One of the most riveting photographs of the bomb blasts that shook Mumbai a few weeks back was of bloodied and traumatised victims being transported in a tempo to the nearest hospital. The picture said a lot about the condition of emergency care in a city that has been facing major attacks every few years and, given its population of over 12 million, scores of minor emergencies daily. Yet, preparedness is the last thing citizens can hope to experience here. During the blasts, eye-witnesses say the police arrived 15 minutes late, ambulances were unavailable and the injured were ferried to hospitals in taxis and tempos. In the name of specilised care, Mumbai has one trauma centre at the Sion Hospital, but the 25-year-old government facility is in need of a major overhaul; the other proposed trauma centre in JJ Hospital is in the pipeline. The world over, emergency care follows the concept of the 'golden hour' but for Mumbaikers this always translates into the 'lost hour'.

* 'Many deaths are due to faulty transport to hospitals and we must have special ambulances... We also need better civic and traffic sense from the public. Often, ambulances don't get right-of-way.'

WFS REF NO: INDK808I           1,290 words           Photographs Available

Health Agents Deliver Hope In Maoist Country
By Sarada Lahangir

Ask the local communities in villages in the extremist belt of Odisha's Koraput district, and they will tell you many stories of how Accredited Social Health Activists (ASHAs) have helped them immeasurably during medical emergencies. Where there is no doctor, where there is constant fear caused by the endless cycle of Maoist violence and state reprisal, it is here that these local women trained as health activists have lived up to their name - 'asha' or hope. Unfortunately, while everybody in Koraput recognises their importance in a situation of insurgency, the issue of a fair compensation for ASHAs is hardly discussed.

* "The whole credit goes to ASHA, Moti Jani, who showed immense courage in bringing her to the hospital in a situation in which people are too scared to travel even during the day, forget about night."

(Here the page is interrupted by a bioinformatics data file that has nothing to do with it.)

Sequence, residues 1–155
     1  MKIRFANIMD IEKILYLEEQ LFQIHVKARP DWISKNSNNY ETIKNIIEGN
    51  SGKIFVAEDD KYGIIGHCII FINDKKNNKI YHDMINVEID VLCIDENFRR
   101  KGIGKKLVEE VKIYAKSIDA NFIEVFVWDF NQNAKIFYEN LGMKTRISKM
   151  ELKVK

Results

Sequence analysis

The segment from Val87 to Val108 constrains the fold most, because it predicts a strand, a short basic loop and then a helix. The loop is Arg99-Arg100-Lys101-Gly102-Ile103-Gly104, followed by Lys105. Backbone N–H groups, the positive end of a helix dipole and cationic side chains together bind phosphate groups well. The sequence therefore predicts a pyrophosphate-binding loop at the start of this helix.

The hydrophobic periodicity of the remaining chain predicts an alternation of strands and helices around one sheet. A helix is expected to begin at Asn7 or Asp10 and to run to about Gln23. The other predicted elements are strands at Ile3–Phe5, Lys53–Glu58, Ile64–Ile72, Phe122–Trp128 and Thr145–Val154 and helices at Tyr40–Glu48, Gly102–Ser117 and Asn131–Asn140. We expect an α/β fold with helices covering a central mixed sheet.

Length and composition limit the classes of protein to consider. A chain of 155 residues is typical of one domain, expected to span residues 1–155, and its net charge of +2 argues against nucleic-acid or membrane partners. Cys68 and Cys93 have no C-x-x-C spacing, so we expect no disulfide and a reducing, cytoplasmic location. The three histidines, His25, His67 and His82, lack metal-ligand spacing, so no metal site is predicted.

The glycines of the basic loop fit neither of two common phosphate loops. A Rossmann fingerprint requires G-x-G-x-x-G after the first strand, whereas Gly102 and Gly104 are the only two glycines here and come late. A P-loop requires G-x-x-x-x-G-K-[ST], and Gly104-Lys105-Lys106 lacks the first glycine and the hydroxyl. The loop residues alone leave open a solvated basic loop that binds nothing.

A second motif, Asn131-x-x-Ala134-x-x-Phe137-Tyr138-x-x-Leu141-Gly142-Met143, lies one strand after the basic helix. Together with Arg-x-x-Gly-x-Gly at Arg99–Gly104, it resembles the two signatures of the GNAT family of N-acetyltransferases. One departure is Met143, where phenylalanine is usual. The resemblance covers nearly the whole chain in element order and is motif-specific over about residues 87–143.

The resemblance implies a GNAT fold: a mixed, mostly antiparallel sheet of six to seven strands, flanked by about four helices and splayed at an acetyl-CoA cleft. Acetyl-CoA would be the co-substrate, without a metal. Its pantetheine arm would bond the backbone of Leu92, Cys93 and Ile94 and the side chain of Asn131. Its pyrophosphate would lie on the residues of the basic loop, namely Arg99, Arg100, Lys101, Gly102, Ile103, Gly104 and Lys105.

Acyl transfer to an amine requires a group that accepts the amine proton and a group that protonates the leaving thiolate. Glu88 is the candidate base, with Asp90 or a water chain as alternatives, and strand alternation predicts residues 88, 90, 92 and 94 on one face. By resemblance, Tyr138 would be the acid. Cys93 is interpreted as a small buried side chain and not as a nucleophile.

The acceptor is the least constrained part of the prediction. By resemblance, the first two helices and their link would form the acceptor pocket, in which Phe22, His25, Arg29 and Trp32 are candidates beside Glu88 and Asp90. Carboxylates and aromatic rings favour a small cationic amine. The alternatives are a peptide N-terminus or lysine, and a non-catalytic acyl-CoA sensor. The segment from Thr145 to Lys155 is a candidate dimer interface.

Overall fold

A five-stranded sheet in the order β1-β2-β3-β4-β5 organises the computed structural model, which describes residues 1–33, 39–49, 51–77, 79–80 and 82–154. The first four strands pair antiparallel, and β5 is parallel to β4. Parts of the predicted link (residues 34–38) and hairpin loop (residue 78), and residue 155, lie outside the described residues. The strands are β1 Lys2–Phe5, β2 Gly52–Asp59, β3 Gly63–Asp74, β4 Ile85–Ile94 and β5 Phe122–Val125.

WFS REF NO: INDK718I           1,290 words           Photographs Available

Lucknow Jail's Women Inmates Fight Ill-health and Stigma
By Anjali Singh

'I was told that my daughter-in-law's family filed an FIR against the whole family. I did not even get time to consult a lawyer. I brought both my grandsons - just two and four years old - to jail. They grew up here.'... 'I was 17 when Naxalites came one night and hacked my husband to death. The next morning the police arrested me. My son was born in jail and was taken away to a protection home when he was six. Every day I think of him.' Behind the walls of the scenic new Adarsh Jail in Mohan Lalganj, on the outskirts of Uttar Pradesh's capital Lucknow, the fate of scores of women inmates has been sealed. Pain, stress and trauma have become part of their lives. But even as they fight depression and age-related health issues every day, it's the jail hospital staff that provides them with the much-needed support, something the women are grateful for.

* "Carrying the stigma of being a convict ruins any chance of their going back into their homes and re-joining the society they once knew. This realisation torments them emotionally. It's a very sad state to live in."

WFS REF NO: INDK704I           1,260 words           Photographs Available

Kashmiri Women Village Paramedics Battle On Another Front
By Aditi Bhaduri

It was just another mundane day for Munira Manzoor until a knock on the door changed her life. From a school drop-out she became a respected paramedic in her village of Zuhama in Budgam district of Kashmir. That was in 1997. The Valley was in the throes of armed insurgency and the healthcare system was in shambles: Doctors had left and medical facilities had deteriorated, especially in the remote villages. It was then that Dr Ali Mohamed Mir, a retired IAS officer, decided to collaborate with the J&K Voluntary Health and Development Association to build local paramedic teams. He went door-to-door in villages in Budgam, Pulwama and Khansaab, asking girls and women to volunteer. And they did, at great personal risk. Munira came forward, as did Haseena Begum, Sakeena Shafi and others. Today, this healing force not only takes care of the basic health and natal needs of women in their communities, they also provide trauma counselling and educate them about issues like domestic violence.